From notes of the WEA/History Society houses study group in the mid 1970s
This is a mainly timber-framed with plaster infill. One wing is of brick, with a bay window. Roofs are tiled and hipped at the south end, tiled and gabled at the north end. The nucleus of the house, two rooms around a massive central chimney stack, dates from c.1530-1550. A C18 extension leads out of this to the SE to form a T-plan. This was further extended at a later date by the attachment of a barn to form an extra room at the SW corner. In the early C19 the east corner of the T-shaped house was filled in by an additional two-storey brick bay. The C16 wing is jettied on the NE side and the floor inside this wing is about 70cm lower than the ground level outside. Catchpoints (where poles were used to raise the timberframe) are visible on the NW face and on what was at one stage the SW outside wall of the first C18 extension. The window in the NE face of the C16 wing still had an early shutter (in 1975).
The Old House, 27 Leyton Road, formerly the Sycamores, is the oldest inn building in Harpenden. A brewer lived here in 1586 and it was known as The Bull in 1586, and as “Woodwards, otherwise the Angell” in 1613. By 1620 William Catlin, a brewer and inn landlord lived at The Bull, which was sometimes known as The Black Bull (perhaps to distinguish it from The Bull at Wheathampstead?). William, who was born c.1565, built up a substantial brewery business, including ‘tied houses’ in Harpenden High Street (site of Woolworths/Argos/Harpenden Library). He had several alehouses and was in trouble over them. He was presented to Quarter Sessions for his misbehaviour: in 1621 for having an unlicensed and disorderly house, when he was called an alehousekeeper; in 1627, as a brewer, for keeping alehouses without licences; and in 1633-4, as an innholder (of the Bull) for the “evill (sic) rule and misdeameanours” in his house. However his status in the community does not seem to have suffered: he was chosen as a churchwarden in 1639-40. (p75 Wheathampstead & Harpenden Vol II)
“The Signe of the Bull”
The building temporarily ceased to be an inn about 1693, when it was described as “heretofore … the Black Bull, now … the School House”. By 1719 it had become an inn again when William Edwards left his wife “the leasse of the Signe of the Bull in Harpingdine”. His inventory listed only “A Carthouse sett up upon the Wast” but also “The Signe and Signepost Standing upon the Wast” [the Common]. There was a “Brewhouse, a Furnice and Meshing Fatt Coolers, Working Fatt, 3 Tubbs”. “Fatts” were vats. The Bull had a cellar with beer in it and “wine and sider in bottles”. James Cheworth was landlord in 1753; John Young and Samuel Ashby followed in the 1780s. It had belonged to the Wittewronges’ Rothamsted estate since 1651. (p167-8, Wheathampstead & Harpenden Vol IV).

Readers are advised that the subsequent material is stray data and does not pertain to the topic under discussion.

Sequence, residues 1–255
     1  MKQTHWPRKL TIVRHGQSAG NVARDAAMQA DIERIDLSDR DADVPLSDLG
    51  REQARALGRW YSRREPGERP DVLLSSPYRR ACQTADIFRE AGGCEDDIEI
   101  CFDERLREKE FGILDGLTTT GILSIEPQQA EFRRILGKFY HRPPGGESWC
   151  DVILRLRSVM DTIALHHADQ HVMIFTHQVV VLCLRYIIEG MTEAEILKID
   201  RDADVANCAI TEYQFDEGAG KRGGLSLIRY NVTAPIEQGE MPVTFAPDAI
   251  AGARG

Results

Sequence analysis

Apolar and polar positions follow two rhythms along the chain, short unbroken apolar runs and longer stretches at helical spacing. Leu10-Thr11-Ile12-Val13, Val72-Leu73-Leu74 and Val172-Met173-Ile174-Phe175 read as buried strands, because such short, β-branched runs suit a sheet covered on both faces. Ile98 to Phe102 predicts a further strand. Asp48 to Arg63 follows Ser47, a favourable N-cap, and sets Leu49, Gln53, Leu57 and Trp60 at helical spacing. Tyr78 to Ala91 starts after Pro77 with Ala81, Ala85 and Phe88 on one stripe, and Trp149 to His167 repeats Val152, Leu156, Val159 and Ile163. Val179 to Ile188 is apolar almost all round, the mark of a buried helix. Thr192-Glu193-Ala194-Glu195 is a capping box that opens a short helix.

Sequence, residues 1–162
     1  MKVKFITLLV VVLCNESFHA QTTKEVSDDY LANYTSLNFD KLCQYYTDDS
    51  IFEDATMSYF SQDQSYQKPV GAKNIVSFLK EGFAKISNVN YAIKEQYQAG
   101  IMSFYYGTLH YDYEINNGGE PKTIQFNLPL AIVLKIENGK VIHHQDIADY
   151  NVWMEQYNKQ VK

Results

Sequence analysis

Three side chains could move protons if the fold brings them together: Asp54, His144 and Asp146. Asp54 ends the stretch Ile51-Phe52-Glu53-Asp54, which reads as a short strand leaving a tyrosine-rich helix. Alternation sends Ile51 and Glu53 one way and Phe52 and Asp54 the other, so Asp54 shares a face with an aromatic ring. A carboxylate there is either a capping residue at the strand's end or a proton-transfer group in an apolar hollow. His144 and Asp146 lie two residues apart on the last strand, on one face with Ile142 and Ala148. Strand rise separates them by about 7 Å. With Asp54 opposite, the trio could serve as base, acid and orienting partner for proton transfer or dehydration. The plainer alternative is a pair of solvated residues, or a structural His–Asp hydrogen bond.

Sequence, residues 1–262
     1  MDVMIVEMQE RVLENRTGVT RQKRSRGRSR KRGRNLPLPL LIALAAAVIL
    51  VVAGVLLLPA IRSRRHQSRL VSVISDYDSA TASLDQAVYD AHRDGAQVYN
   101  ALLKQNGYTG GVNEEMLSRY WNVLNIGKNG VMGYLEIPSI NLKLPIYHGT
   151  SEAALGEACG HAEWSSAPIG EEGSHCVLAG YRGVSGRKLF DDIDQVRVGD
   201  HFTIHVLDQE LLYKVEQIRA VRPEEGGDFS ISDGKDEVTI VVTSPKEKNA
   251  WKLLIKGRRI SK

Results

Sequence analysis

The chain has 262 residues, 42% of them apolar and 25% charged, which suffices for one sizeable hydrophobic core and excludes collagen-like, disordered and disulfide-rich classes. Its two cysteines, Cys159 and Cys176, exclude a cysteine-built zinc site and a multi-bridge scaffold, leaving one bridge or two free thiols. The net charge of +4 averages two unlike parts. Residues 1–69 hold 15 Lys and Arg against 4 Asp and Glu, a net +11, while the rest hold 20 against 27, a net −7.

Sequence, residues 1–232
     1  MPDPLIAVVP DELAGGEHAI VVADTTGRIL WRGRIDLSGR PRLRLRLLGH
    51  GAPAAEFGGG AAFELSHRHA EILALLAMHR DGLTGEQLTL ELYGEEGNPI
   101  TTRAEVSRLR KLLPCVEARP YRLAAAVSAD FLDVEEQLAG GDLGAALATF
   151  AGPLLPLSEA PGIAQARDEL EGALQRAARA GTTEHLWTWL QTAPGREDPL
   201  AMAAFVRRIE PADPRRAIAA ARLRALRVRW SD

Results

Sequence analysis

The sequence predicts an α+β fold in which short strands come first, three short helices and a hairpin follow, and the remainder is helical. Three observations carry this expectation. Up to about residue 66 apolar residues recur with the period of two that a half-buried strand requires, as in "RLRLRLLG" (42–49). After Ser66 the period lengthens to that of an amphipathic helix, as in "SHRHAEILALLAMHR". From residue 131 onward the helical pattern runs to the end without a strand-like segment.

The sign of the Bull is one of the Local History Society’s treasured artefacts. It is awaiting appropriate display space in the museum Harpenden needs.
Associated with Harpenden Races
Henry Oldaker, who came to live in Harpenden in 1828 as inn-keeper at the Cross Keys, was a keen huntsman, along with his brother Robert who was huntsman to the Hertfordshire Hounds, whose kennels were at Kinsbourne Green. Following a riding accident, Henry moved to The Bull – a much larger establishment with good stabling. Keen on horse-racing, he organised occasional races in the area, one of which is recorded as finishing on the Common in August 1834.
Harpenden Races were started in 1848 by a committee of local farmers organised by Henry Oldaker, and continued with an annual meet until 1914.
Coaches passed through Harpenden on the turnpike road, presumably from the mid eighteenth century. One service from Bedford picked up passengers for London at The Bull on Mondays, Wednesdays and Fridays returning on Tuesdays, Thursdays and Saturdays. The coming of the railways to Harpenden in 1860 (Harpenden East), and particularly from Harpenden Midland in 1968 effectively killed the coach services, and led to a decline of inns.
The Bull became a private house in the 1860s. (p.207, Wheathampstead & Harpenden Vol V).